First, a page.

September 10th, 2018 by Ida Banek

Studying for jobs that do not exist yet

My granddad was employed in a small manufacturing company for 40 years and was proudly telling me his career stories until the moment he died. His whole career in the same company, across the two jobs in total, has helped him generate experience and deep expertise which were both highly valued by his employer at that time.

My grand-grandfather was a farmer who worked hard on a small piece of land his whole life. But today, life-long careers almost don’t exist. Neither do the jobs in agriculture and manufacturing industries. So, when I get asked how to choose studies for future careers – there is no simple answer one can give.


The “Future of Work” has arrived and many employees feel uncomfortable about their jobs being taken over by machines. Up to now, I would intuitively say that there is no need for worries as throughout the history, technology was always a net creator of jobs. During the periods when jobs in agriculture, manufacturing and mining were disappearing, new roles in healthcare, financial services and education were developed exponentially. But that shift in some areas was lasting for almost a hundred years, while current technological advances bring the pace of change down to a decade and they affect many industries simultaneously. So, I can’t stop asking myself: “Is automation going to impact our careers differently this time?”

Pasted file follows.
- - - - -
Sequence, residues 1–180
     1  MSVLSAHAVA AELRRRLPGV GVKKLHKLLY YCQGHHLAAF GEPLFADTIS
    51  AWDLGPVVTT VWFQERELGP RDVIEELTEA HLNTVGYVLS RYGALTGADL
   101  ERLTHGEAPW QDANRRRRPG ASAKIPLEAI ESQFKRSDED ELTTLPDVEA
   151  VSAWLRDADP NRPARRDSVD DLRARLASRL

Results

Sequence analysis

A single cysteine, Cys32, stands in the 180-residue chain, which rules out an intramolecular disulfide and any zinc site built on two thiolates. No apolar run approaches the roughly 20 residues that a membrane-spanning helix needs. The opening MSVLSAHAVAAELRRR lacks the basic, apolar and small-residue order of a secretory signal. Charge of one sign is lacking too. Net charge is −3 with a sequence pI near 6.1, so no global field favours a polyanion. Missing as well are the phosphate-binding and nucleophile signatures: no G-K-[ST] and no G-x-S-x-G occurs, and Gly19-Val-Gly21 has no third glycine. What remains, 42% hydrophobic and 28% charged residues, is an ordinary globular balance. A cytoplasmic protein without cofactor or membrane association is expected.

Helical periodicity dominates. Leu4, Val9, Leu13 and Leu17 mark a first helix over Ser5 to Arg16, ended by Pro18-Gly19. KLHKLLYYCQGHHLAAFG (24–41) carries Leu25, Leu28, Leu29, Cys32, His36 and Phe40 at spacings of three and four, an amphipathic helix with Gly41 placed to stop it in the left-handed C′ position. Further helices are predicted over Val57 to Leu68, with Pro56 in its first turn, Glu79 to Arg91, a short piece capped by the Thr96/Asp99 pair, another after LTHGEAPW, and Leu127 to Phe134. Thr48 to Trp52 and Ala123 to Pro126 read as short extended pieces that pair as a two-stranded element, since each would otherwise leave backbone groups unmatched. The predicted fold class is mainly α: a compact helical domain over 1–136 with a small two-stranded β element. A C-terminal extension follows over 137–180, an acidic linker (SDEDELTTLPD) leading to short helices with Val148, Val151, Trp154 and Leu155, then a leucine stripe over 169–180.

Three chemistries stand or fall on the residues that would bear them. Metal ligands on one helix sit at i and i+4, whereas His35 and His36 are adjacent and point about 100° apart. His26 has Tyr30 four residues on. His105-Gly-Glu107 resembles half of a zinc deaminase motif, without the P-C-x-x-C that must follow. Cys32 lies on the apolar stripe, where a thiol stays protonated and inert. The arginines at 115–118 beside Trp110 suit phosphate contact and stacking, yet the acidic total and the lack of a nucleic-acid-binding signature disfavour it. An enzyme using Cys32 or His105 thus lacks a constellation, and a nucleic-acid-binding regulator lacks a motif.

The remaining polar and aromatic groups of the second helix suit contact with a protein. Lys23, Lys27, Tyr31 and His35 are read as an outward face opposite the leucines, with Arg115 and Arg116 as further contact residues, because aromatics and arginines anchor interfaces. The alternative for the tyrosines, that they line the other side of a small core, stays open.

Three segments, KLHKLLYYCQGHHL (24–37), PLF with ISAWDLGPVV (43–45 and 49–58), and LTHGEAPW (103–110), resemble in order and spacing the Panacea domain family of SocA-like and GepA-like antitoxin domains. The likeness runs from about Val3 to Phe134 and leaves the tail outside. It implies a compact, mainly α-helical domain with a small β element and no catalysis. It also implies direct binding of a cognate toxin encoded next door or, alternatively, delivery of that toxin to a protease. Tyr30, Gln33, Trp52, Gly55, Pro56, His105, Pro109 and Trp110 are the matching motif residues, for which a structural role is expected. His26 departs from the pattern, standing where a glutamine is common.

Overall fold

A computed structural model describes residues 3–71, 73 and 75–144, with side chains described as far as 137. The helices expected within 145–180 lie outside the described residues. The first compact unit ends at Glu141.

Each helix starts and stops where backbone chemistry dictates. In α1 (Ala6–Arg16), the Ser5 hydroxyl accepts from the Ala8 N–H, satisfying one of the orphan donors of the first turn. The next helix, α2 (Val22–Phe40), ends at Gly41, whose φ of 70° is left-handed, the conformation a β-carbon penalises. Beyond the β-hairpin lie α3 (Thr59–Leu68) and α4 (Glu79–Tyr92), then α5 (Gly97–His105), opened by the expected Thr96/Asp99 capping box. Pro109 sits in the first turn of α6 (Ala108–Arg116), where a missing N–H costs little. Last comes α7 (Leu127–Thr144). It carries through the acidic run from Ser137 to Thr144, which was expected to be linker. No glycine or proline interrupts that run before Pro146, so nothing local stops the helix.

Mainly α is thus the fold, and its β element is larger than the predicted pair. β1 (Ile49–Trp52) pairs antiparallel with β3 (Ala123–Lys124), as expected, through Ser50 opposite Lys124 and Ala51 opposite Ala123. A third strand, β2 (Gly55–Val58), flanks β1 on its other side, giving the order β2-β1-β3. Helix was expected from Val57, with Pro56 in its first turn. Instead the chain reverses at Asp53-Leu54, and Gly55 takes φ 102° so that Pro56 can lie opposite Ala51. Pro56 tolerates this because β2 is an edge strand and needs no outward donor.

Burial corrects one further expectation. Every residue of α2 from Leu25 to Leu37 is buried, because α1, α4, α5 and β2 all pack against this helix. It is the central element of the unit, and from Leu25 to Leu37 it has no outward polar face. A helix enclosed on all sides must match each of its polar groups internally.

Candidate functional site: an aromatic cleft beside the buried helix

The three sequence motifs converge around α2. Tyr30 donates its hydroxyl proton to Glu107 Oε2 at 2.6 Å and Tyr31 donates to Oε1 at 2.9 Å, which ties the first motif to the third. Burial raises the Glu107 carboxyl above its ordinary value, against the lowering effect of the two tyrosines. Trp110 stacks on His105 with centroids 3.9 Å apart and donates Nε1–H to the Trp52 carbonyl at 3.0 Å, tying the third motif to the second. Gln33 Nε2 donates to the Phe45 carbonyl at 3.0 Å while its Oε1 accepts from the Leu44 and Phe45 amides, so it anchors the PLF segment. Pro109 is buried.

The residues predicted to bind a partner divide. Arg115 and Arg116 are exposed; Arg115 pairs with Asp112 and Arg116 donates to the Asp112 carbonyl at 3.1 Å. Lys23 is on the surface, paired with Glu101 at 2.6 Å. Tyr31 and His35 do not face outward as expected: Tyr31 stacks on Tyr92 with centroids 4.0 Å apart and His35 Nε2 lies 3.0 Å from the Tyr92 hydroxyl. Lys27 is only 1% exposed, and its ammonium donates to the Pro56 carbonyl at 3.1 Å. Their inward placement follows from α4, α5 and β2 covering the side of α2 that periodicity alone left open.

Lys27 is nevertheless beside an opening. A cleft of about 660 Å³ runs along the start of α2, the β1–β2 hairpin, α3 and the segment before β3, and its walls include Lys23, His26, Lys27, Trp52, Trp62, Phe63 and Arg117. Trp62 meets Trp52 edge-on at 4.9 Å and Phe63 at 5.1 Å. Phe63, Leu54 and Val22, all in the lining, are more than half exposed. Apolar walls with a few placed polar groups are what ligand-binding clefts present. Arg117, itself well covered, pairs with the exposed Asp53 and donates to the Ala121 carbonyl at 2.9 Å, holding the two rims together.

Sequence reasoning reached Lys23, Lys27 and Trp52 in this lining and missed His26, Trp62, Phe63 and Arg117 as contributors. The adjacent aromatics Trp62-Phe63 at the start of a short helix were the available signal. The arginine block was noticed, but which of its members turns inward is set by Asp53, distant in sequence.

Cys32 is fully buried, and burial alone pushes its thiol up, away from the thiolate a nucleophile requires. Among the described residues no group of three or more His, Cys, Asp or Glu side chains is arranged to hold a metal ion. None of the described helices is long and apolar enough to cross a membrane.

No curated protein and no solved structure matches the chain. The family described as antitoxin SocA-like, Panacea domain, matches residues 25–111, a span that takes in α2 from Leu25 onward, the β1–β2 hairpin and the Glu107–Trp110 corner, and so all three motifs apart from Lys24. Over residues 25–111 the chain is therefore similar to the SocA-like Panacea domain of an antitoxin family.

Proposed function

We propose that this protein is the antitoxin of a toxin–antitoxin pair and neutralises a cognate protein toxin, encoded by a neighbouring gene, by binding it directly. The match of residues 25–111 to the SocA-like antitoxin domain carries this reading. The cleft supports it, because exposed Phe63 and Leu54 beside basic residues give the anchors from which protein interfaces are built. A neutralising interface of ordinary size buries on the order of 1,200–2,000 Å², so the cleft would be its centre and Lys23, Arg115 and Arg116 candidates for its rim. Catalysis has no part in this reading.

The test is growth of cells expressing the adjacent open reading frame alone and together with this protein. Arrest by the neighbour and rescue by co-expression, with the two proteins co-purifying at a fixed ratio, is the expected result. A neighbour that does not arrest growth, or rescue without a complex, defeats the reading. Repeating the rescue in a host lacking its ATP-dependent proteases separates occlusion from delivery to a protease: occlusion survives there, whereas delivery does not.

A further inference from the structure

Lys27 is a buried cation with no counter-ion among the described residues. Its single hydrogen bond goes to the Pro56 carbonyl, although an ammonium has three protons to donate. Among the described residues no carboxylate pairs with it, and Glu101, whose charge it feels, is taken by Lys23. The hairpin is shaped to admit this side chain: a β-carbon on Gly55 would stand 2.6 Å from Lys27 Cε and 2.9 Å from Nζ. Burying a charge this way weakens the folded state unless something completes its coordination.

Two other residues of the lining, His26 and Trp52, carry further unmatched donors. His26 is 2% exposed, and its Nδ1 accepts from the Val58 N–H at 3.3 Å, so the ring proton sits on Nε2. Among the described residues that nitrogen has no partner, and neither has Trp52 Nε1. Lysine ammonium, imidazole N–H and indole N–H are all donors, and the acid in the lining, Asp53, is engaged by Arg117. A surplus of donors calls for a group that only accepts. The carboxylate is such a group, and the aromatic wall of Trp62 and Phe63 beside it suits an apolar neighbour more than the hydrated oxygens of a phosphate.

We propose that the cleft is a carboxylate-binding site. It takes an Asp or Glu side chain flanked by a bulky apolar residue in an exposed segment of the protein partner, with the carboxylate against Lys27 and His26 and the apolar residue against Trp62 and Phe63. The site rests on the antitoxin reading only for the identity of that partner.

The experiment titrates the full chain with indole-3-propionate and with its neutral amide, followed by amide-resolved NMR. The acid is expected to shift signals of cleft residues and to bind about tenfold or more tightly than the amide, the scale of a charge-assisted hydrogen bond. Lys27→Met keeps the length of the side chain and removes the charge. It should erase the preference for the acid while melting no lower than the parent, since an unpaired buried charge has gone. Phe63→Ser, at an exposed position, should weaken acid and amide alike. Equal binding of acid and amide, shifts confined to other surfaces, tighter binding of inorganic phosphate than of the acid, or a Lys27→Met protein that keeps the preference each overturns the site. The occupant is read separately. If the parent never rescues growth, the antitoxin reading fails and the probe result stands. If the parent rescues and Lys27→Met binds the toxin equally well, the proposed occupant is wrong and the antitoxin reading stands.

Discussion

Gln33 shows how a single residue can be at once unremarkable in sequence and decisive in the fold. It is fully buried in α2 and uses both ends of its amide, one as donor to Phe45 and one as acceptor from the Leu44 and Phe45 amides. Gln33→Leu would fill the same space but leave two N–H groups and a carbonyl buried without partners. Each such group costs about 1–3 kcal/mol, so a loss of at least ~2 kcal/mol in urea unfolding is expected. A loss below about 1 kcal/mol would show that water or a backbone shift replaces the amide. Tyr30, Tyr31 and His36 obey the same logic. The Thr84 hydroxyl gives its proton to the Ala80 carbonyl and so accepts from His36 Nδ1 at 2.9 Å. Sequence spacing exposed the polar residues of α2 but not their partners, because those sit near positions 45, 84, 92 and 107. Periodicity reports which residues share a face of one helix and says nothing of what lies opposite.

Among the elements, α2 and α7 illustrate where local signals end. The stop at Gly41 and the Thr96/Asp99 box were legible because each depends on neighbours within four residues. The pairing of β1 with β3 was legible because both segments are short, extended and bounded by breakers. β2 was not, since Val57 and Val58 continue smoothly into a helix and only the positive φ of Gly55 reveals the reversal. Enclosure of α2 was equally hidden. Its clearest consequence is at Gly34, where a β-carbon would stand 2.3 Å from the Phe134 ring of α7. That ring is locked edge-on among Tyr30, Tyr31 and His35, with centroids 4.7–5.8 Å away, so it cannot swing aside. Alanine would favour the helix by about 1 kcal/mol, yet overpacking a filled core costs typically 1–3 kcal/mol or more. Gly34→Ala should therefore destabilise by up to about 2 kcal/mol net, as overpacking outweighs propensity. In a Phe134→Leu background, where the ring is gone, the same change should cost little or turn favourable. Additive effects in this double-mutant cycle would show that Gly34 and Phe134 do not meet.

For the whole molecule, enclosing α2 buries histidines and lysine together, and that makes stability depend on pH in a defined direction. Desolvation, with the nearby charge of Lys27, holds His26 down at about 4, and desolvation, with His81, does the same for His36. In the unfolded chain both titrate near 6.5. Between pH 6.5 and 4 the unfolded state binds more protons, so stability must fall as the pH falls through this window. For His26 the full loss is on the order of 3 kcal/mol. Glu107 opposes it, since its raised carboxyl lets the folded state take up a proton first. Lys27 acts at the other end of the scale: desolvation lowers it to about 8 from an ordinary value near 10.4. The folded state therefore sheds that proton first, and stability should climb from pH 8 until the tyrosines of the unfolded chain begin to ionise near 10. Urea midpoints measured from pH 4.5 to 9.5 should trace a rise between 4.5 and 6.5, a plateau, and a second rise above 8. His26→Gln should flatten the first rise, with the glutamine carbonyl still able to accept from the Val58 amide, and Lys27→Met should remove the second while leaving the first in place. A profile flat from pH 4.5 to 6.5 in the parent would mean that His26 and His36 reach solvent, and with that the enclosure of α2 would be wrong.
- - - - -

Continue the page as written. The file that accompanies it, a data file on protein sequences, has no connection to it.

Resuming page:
In contrary to my granddad’s example, current employers value curiosity, learning agility and readiness to transition between roles. Therefore, when thinking about future occupations, young people should imagine broad buckets of roles which fall under the umbrella of their core motivation; and then simply be ready to develop new set of skills through-out their career span. This statement may sound overwhelming and discouraging to many, but it will become the new norm we will all have to follow in order to succeed.


A decade ago, work-life balance has become the new hot topic in corporate language. We’ve all realized that we need to take care of our health: sleep enough, eat healthy food and exercise regularly. Building muscles in a gym then was equally painful as it is building resilience today. But the pain with time ceases and clear benefits of the hard work gets visible. So open-up your horizons, grab every opportunity to generate different experiences and be brave enough to experiment. Only then will the formal education be a starting point for life-long learning full of emerging career opportunities.

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